Commercial Vans an Eyesore to Some, Part of the Job To Others

Commercial Vans an Eyesore to Some, Part of the Job To Others

First Amendment is cited with the vehicles.

Work trucks of all kind are spotted on Forrester Boulevard in Springfield.

Work trucks of all kind are spotted on Forrester Boulevard in Springfield.

Forrester Boulevard that links Carleigh Parkway and Rolling Road in West Springfield is a busy county street that has restricted parking. The


Work vehicles parked in residential areas upsets some residents.

proximity to Rolling Road that links to the Fairfax County Parkway and indirectly to I-495, makes it a convenient parking spot for commercial vans.

These vans may not be parked illegally, but with advertising plastered all over the outside is not in tune with the residential nature of this street. This is where the problems arise, according to resident Marta Valldejuli, a part time realtor who thinks the vans are an eyesore that impacts property values. Her residence looks right out onto Forrester. “We are hostages here,” she said, “it looks like an industrial park, nobody can come visit because they take all the parking,” she said. These vans could belong to residents of the condominium communities that abut Forrester where there is no parking for that type of vehicle, or even from workers that are enjoying the convenience of this location.

When she and other neighbors went directly to the drivers, there was a little confrontation so Valldejuli went straight to Supervisor Pat Herrity (R-Springfield). Herrity is working with some of the civic associations in the area to see if there is any other parking options, but some have rules against commercial vehicles parked on their streets. “It’s a balancing act,” he said.

THE COUNTY RULES pertain to some of the larger vehicles, but a regular size van or pickup truck is not restricted because vehicles of this type are also used as personal vehicles. Even taxicabs or limousines have some protection. Section 82-5-7 of the Fairfax County Code prohibits parking of commercial vehicles in residential districts. Vehicles parked in violation are subject to a $100 fine for each violation and may be towed at the owner's expense. As for taxicabs and limousines: one resident of each single-family dwelling unit may park one vehicle licensed and registered in the Commonwealth of Virginia as a taxicab or limousine, according to the county regulation.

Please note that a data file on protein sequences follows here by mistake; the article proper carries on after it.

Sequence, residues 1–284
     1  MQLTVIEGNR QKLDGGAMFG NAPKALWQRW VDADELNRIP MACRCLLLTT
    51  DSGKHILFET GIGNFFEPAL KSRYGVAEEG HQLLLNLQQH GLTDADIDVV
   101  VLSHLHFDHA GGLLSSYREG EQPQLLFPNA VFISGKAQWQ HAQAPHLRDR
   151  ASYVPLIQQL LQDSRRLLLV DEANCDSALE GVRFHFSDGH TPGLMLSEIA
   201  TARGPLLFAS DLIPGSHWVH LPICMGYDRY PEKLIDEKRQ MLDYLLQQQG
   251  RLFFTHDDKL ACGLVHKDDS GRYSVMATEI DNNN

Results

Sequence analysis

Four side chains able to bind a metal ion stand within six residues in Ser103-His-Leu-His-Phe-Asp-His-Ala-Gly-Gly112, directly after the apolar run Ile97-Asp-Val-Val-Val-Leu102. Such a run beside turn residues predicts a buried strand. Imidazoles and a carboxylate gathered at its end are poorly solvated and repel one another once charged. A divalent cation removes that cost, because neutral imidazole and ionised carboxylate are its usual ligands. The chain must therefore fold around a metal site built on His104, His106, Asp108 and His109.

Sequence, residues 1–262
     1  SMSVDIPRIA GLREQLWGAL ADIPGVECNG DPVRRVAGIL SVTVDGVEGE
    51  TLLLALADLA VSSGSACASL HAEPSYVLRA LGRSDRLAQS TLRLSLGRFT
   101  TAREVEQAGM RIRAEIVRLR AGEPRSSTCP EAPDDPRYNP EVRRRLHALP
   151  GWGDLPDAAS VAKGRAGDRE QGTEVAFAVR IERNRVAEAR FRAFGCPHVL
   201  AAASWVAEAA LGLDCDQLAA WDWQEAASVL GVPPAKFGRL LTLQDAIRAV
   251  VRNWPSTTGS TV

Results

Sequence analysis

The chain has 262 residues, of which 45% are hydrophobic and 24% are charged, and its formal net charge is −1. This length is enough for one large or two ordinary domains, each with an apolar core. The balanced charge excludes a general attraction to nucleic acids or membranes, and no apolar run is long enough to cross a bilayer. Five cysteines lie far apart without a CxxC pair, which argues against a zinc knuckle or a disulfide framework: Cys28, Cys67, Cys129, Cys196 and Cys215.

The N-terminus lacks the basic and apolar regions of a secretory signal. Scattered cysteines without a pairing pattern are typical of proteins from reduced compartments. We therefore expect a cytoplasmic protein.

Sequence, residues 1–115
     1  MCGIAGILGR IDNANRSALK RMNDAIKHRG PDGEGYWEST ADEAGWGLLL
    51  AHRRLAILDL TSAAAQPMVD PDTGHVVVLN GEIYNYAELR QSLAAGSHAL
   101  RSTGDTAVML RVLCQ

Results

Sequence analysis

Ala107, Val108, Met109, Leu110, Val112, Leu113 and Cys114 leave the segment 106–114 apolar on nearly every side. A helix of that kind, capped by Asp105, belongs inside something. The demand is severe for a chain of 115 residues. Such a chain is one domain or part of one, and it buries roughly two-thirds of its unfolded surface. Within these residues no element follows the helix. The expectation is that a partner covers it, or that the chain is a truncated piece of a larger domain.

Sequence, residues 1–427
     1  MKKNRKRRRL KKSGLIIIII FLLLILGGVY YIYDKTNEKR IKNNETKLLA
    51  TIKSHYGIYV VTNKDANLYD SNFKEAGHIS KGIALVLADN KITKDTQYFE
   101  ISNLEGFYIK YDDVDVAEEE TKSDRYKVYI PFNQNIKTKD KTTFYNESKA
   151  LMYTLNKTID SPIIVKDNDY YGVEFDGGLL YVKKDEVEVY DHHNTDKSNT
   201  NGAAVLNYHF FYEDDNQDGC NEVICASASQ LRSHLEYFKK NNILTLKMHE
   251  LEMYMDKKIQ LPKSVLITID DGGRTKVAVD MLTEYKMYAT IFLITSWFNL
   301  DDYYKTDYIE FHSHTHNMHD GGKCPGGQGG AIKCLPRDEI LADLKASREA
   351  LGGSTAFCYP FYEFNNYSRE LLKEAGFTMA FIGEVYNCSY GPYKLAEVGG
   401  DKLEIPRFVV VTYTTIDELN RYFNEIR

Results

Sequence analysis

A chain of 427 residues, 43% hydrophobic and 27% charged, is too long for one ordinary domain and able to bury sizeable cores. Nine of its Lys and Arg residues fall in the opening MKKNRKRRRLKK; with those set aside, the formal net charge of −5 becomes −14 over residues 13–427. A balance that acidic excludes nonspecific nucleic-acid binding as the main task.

Forrester Boulevard is in a “Community Parking District,” and vehicles that exceed size and weight limits are not allowed. This is a truck or van more than 21 feet long, more than 8 feet high including appurtenances, width of 102 inches or more, or gross vehicle weight of 12,000 or more pounds.

There are parking restrictions in place for vehicles carrying commercial freight in plain view, or any vehicle with 3 or more axles, the county rules state. The restrictions do not apply to commercial vehicles when temporarily parked while performing work or service. County cannot restrict vehicles based on lettering due to the first amendment, so vehicles can only be defined as commercial based on their height, weight, length and/or width.

“The neighbors are very upset,” and some have called the police, Valldejuli said. According to the Fairfax County Police Department, the parking enforcement officer for the West Springfield District reported that six “Commercial Citations” were issued thus far in 2019.

HERRITY is working with the condo and civic association officials in the area but hasn’t identified any options at the present time. “We’re working with them to try to find an answer,” he said.

The Springfield District is not alone in these parking situations, said Herrity. At the Board of Supervisors meetings, they have discussed similar situations in Mason and Sully Districts as well. “It’s a problem across the county, we deal with this quite a bit,” he said.